Here, the decorators of the Python function describe how the parameters of the underlying Python function should be mapped to Robot control and neural network information. Each decorator specifies the parameter that is mapped and how this parameter is mapped. The first parameter must be named t and must not be mapped. Instead, it is automatically filled with the simulation time.

Runtime Architecture

From this specification, the CLE deducts a runtime architecture of the Transfer Function. For the Transfer Function above, this creates the Transfer Function component WheelTransmit in the diagram below. The CLE then creates the necessary components to connect each required interface of the Transfer Function component with a respective implementation.


Not shown in the diagram, the CLE also deducts a specification to which neurons the leaky integrator components should be connected to. Furthermore, the choice of the concrete component type is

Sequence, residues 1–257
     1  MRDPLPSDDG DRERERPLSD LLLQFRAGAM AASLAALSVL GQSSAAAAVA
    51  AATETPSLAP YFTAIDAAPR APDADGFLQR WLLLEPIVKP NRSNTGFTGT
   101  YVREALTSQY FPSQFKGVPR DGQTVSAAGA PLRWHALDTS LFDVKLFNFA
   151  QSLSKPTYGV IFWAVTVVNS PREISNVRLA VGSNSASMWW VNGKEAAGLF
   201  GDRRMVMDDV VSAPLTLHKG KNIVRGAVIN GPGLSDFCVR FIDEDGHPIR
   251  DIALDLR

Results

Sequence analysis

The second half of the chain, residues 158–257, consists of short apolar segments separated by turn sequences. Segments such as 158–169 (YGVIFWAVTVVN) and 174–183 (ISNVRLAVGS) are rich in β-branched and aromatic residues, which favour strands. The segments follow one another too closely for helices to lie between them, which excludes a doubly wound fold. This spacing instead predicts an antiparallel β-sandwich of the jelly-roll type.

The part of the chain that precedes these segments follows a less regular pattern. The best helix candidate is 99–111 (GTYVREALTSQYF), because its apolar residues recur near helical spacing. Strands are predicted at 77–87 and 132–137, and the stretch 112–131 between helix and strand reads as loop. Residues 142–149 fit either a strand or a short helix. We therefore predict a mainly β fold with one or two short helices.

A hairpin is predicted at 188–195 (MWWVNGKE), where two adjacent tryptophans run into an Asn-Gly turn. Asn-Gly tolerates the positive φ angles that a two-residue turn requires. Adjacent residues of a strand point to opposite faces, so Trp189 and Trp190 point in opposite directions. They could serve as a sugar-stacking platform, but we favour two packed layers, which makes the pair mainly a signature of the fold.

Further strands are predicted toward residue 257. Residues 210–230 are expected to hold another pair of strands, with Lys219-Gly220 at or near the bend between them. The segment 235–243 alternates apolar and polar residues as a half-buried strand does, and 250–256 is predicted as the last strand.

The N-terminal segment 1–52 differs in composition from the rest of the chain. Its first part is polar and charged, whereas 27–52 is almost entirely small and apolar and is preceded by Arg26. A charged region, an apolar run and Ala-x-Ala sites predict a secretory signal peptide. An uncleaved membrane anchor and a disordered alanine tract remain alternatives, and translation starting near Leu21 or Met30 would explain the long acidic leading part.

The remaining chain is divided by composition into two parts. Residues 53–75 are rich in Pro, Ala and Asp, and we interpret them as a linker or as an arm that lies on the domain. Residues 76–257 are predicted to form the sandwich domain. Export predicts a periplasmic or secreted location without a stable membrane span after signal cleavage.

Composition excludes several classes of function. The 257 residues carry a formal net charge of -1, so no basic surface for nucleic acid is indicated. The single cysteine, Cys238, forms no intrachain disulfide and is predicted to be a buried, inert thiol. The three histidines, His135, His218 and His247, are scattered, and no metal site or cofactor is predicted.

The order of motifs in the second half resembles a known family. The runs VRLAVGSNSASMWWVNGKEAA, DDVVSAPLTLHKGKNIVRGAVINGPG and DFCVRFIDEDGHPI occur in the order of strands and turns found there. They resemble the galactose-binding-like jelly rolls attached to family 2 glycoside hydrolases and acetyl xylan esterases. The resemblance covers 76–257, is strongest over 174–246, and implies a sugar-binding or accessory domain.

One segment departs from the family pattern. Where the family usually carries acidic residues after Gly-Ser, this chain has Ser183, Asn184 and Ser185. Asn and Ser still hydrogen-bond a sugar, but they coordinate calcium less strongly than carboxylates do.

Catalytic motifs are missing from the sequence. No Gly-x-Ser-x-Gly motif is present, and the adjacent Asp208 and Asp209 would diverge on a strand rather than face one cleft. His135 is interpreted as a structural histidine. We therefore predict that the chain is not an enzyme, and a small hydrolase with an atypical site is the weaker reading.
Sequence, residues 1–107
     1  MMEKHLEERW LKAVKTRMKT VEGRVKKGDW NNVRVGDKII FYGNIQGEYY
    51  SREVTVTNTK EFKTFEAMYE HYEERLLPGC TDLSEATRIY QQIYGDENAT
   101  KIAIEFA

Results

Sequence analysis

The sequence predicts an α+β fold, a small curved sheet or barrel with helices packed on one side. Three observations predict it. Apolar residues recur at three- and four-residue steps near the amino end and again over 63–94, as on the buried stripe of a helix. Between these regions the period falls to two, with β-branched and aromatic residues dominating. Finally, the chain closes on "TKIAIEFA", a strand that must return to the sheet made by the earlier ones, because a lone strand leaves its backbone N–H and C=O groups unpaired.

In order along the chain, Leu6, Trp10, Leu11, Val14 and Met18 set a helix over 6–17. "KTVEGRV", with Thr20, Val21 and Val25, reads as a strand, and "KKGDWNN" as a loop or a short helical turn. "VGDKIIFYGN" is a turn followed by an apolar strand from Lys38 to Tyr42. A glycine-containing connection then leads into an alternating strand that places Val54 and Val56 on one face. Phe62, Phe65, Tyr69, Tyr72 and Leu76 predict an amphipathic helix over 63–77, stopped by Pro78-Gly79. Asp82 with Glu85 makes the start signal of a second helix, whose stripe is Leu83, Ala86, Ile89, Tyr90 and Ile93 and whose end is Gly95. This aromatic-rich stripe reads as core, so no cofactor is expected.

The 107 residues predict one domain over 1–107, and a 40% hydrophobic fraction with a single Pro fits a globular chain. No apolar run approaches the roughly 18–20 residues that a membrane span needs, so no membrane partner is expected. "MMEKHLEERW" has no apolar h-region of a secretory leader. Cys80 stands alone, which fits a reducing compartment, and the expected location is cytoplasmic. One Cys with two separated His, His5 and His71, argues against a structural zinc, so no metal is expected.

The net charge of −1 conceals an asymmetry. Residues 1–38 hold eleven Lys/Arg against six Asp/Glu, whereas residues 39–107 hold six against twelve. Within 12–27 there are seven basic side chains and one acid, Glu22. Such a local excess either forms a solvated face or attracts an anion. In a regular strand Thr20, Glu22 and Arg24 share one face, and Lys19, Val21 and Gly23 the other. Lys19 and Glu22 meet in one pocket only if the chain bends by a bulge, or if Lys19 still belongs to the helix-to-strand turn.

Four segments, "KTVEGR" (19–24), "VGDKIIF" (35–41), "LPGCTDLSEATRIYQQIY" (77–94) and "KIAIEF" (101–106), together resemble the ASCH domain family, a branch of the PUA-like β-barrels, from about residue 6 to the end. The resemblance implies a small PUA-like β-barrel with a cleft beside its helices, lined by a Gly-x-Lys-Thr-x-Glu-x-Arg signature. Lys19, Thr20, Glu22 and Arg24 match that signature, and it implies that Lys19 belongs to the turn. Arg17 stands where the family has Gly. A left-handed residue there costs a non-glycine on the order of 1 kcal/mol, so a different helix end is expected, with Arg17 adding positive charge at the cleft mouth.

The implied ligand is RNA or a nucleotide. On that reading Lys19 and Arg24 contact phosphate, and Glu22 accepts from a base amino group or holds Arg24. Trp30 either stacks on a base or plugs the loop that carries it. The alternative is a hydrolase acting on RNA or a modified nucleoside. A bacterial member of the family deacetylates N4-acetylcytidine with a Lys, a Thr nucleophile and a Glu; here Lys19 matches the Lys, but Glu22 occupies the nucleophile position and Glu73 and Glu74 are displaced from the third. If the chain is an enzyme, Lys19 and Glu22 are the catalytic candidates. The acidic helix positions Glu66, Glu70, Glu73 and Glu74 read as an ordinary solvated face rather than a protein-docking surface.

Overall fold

A Transfer Function generally only implements an open loop, thus either forwards information from the neuronal network to the robot or the other way round. To establish a closed loop, other Transfer Functions in the opposite direction are required, as depicted in the lower part of the diagram above.

Static Architecture

To assemble the runtime architecture from a given specification, the CLE uses a static architecture to dispatch which components should be created for a given interface based on the chosen neural and world simulator. A diagram of this architecture is shown below.


For each world and neural simulator, the CLE distinguishes between components managing the control flow and components managing the data flow. The concrete implementation is encapsulated behind one of four interfaces, making the simulators used by the CLE easy to exchange. This separation also makes it possible to reuse data flow implementations for multiple simulators. For example, multiple world simulators use ROS to communicate with the robot.

Continue reading “The Closed Loop Engine Architecture Explained”